Criteria for Evaluating Social Security Reform Proposals
T-HEHS-99-94: Published: Mar 25, 1999. Publicly Released: Mar 25, 1999.
- Full Report:
Pursuant to a congressional request, GAO discussed how best to ensure the long-term viability of the Social Security Program.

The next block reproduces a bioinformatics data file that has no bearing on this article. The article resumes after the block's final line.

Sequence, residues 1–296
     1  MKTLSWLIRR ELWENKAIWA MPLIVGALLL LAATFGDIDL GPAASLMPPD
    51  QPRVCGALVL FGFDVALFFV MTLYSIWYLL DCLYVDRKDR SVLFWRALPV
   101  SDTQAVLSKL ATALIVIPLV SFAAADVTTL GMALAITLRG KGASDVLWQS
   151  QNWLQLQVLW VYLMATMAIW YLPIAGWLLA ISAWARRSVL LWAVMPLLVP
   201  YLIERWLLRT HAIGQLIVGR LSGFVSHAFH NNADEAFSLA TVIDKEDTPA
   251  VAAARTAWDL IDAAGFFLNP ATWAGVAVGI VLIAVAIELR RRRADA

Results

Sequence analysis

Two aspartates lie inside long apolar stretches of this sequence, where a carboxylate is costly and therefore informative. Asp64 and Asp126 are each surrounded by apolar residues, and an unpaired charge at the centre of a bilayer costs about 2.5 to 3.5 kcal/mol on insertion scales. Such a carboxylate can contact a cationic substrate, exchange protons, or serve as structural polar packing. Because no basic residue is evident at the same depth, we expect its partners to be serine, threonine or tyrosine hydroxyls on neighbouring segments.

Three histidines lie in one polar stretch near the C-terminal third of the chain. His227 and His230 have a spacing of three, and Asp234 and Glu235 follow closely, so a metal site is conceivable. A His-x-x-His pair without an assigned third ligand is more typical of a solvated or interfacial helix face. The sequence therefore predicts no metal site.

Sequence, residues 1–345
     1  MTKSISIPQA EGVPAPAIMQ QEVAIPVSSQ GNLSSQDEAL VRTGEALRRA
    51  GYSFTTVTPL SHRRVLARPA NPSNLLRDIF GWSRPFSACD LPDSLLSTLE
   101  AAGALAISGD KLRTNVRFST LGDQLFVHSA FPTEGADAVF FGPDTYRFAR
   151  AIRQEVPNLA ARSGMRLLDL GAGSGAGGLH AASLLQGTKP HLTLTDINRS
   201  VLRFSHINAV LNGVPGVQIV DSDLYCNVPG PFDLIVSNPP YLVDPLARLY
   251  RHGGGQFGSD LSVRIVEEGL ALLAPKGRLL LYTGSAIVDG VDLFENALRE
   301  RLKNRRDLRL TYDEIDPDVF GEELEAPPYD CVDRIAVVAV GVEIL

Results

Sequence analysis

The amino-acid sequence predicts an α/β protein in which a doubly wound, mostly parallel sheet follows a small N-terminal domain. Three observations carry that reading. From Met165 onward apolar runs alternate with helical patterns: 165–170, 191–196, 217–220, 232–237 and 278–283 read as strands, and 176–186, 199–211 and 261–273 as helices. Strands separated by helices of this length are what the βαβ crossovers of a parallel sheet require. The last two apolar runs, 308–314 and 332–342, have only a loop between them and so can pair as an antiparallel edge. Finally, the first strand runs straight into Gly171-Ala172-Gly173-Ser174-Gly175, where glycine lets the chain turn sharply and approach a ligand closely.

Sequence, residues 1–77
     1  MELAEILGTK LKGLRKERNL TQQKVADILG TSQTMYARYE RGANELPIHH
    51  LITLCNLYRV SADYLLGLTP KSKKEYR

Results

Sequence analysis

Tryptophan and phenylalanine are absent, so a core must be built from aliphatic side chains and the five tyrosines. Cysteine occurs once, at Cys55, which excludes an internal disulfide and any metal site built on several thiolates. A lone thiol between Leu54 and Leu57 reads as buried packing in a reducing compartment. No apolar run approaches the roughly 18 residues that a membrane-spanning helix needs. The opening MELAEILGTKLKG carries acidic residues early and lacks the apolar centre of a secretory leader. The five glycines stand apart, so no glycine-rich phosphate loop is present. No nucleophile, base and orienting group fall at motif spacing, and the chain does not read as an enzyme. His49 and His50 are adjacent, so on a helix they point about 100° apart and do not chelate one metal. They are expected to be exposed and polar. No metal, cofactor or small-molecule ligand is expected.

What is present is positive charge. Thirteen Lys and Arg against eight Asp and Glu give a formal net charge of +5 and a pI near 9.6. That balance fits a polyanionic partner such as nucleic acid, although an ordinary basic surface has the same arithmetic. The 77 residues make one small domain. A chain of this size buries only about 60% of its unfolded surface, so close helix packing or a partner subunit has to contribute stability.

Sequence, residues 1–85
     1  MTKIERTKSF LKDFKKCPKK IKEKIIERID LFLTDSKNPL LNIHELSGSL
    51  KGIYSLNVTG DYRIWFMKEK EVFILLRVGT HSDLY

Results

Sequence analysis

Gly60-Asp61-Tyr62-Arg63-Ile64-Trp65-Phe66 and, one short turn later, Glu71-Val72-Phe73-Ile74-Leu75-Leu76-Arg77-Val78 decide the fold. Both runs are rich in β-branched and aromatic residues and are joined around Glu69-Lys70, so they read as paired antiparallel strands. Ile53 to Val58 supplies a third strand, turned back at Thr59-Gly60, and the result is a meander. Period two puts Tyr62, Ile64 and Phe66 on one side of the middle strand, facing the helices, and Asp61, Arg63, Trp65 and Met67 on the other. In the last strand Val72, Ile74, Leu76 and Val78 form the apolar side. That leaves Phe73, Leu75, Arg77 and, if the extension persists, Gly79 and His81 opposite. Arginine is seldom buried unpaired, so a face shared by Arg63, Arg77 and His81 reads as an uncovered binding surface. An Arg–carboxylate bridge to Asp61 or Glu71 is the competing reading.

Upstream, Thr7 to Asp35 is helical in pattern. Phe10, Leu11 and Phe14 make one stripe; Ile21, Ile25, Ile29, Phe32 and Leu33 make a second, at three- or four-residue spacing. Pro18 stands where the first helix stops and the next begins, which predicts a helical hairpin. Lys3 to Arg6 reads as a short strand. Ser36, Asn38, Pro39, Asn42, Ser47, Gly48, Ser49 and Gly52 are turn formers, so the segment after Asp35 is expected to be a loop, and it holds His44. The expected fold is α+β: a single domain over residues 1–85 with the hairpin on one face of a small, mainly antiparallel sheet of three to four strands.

GAO noted that: (1) as attention has focused on social security's future financial situation, a wide array of proposals have been put forth; (2) some proposals would reduce benefits, some would raise revenues, and most propose some combination to restore financial solvency; (3) social security has long served as the foundation of the nation's retirement income system; (4) Congress has always taken the actions necessary to ensure social security's future solvency when faced with an immediate solvency crisis; (5) the program does not face an immediate crisis, rather, it faces a long-range and more fundamental financing problem due to demographic trends; (6) social security's financial condition is directly affected by the relative size of the populations of covered workers and beneficiaries; (7) while the program was put into a 75-year actuarial balance just 15 years ago, trust fund balances now are projected to be exhausted in 2032; (8) in addition, the program will begin to experience a negative cash flow in 2013, which will accelerate over time; (9) a variety of proposals have been offered to address social security's financial problems; (10) the proposals differ with regard to specific benefit changes and how investment returns are captured; (11) three primary criteria can be used to evaluate these proposals: (a) the extent to which the proposals achieve sustainable solvency and their effect on the economy and the federal budget; (b) the balance they strike between the twin goals of individual equity and income adequacy; and (c) how readily changes could be implemented, administered, and explained to the public; and (12) GAO believes it is possible to craft a solution that will protect social security benefits for the nation's current retirees, while ensuring that the system will be there for future generations.